ESOP Termination

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L1: ESOP TerminationMy company is terminating our ESOP Plan. I want to keep the stock so I have 2 options, put the stock into a brokerage account or roll it over into an IRA. My company is saying I am not eligible for NUA tax savings because I’m not 59 1/2. Is this correct?2017-07-13 03:10, By: whitelg, IP: []
L2: ESOP TerminationNo. The 59 1/2 refers only to the fact that if you are under 59 1/2, you are subject to the 10% penalty, in addition to the tax at regular rates ON THE COST BASIS ONLY, not on the full value.
Get the NUA figure from your company, and see what that figure is, and how much the stock is now worth. Your tax professional can then determine the total tax bite. If the cost is low, then it may be a good strategy. If the cost basis is high, and therefore the appreciation is low, then it probably isn’t a good idea.
The biggest advantage of the NUA approach is that future sales will be taxed at the special long-term capital gains rates (usually 15% unless you are in a high tax bracket), even if you were to sell the NUA stock the next day !!! ( Of course, if you go the NUA route, you must transfer the shares to a brokerage non-retirement account, not to an IRA.)
JK Lasser “Your Income Tax” has an excellent 2-page narrative about NUA. Many brokers have good explanations also, or google it.2017-07-13 06:02, By: dlzallestaxes, IP: []

L3: ESOP TerminationIf you are still employed, that may explain the company’s statement regarding age 59.5. In order to utilize NUA, you must complete a lump sum distribution of all similar plans following a “triggering event”. Two of those events are reaching 59.5 and separation from service. Therefore, if you are still working you would have to wait until 59.5.
But in addition to reaching 59.5 you also must do a lump sum distribution of all similar plans. An ESOP and a 401k are both considered profit sharing plans, so if you reach 59.5 and are participating in a 401k plan, even though the ESOP is terminated you cannot do a qualified LSD for NUA purposes if you are still an active 401k participant. A DB pension is NOT considered a profit sharing plan so you could still participate in a DB plan without affecting an LSD at 59.5.
In summary, this can be complex depending on which plans the company offers and which ones you are considered as a participant. Separation from service is a much simpler triggering event with respect to doing a qualified LSD.2017-07-13 16:22, By: Alan S, IP: []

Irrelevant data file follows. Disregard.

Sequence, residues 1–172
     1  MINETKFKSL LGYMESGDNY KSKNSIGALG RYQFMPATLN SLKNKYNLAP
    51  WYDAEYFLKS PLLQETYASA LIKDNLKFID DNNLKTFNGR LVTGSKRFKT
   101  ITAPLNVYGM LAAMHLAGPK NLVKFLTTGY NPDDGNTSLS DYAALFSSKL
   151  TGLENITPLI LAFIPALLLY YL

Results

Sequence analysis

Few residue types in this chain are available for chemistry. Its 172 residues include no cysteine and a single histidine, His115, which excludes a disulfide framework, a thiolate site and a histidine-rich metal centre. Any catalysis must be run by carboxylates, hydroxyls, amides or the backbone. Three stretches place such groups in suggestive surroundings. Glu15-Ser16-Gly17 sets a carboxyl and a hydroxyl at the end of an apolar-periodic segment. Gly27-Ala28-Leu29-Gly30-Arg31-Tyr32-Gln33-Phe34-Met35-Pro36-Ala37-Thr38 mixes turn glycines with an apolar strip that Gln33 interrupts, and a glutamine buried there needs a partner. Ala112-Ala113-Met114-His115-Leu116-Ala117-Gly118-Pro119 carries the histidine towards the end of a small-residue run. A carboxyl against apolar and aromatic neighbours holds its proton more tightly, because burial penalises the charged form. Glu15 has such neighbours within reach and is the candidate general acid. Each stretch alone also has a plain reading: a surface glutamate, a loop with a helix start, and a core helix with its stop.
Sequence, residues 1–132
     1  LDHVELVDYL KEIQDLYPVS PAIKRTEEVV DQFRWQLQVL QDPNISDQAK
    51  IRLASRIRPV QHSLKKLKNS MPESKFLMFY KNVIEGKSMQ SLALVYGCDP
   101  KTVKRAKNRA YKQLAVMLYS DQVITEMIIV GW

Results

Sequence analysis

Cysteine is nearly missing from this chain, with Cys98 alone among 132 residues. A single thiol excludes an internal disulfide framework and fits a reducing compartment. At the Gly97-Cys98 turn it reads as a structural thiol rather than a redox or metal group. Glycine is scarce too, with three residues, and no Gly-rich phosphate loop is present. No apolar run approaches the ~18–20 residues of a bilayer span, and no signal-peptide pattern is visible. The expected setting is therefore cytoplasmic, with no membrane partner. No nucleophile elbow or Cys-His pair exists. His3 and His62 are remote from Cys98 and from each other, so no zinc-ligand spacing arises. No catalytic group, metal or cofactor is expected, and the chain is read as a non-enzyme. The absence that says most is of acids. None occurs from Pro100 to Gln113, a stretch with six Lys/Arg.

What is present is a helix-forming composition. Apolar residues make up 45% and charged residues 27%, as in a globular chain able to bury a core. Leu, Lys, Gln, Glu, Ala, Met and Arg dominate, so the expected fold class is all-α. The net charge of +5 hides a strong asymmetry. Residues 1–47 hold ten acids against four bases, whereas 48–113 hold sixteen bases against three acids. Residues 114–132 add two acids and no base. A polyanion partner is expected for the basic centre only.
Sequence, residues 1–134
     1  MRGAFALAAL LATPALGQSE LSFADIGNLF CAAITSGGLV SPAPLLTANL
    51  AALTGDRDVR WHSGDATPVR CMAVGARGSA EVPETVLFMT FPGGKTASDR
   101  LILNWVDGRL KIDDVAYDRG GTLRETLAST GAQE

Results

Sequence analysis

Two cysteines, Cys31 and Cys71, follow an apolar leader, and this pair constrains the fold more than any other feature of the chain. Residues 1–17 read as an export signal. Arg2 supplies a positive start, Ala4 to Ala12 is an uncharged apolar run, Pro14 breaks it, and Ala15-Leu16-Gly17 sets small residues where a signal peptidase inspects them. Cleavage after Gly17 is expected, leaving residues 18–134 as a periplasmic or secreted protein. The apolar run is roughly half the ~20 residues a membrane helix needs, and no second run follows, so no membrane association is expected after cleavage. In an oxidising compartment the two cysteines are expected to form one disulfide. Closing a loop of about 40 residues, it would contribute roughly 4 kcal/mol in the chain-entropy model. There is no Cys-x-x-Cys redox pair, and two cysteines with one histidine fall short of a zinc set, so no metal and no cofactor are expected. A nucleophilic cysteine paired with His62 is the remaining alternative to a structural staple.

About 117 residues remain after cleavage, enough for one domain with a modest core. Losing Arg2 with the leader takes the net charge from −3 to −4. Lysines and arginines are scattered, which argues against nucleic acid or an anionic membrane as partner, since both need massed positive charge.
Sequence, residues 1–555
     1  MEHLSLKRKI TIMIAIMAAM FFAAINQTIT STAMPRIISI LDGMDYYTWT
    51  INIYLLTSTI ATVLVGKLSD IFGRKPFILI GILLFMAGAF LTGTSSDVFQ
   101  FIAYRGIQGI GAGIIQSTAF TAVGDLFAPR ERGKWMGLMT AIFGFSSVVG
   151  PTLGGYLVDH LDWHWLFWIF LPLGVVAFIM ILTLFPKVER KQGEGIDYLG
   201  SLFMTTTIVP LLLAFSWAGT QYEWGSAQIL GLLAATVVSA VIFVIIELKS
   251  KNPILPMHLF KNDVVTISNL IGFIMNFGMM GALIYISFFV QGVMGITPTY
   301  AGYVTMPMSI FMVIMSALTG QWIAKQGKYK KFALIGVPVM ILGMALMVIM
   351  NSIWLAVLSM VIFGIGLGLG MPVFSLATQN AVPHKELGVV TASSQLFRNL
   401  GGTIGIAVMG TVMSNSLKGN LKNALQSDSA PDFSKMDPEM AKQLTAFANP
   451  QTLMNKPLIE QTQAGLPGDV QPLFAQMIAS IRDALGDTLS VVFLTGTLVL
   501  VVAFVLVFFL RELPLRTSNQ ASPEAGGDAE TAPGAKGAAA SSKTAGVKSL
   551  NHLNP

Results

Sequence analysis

L4: ESOP TerminationIf you are in fact “separating from service”, then you should ask the company if you can continue in the 401-K plan, which could allow you to take distributions in the year you reached or later (or at any time during the year you will reach 55), without being subject to the 10% early distribution penalty before 59 1/2.
As Alan stated, this is a very complex area, and should be approached with professional advice because of the various nuances.2017-07-13 17:05, By: dlzallestaxes, IP: []

L2: ESOP TerminationI am still employed by the company and I have assets in another one of their 401k plans.
I have contacted several financial advisors and tax accountants and keep getting different answers.
The FMV of the stock is worth many times more than the cost basis so I’m disappointed I can’t use the NUA and transfer the stock into a brokerage account. The difference I’ll end up paying in taxes is almost worth quitting over. It seems like since the company is forcing me out before I quit and I can’t move the stock into the other 401k plan, it should be considered a triggering event.
2017-07-13 19:09, By: whitelg, IP: []

L3: ESOP TerminationThinking outside the box :
Could you quit this year (maybe in Nov or Dec), do an NUA lump sum distribution, and then either become an independent consultant for them (possibly by setting up your own company with its own solo 401-K that you roll their 401-K into), or be rehired next year ?
BTW, does their 401-K also have company stock, possibly from their matching contribution ?
Alan can probably answer this better than me.2017-07-13 19:20, By: dlzallestaxes, IP: []

L4: ESOP TerminationNo reason you could not work out a termination/rehire or independent contractor arrangement, but the employer may not be interested.
With your ESOP, apparently the shares are not being put back to the employer or plan since you can roll them to an IRA. Therefore the shares will continue to exist, so it would be interesting to ask the employer why the ESOP shares could not be transferred into the 401k where their cost basis could continue to be tracked. Then you could tap NUA when you separated from service. This happens with many terminated ESOP plans. Perhaps they do not want to incur the costs for that option.2017-07-14 01:58, By: Alan S, IP: []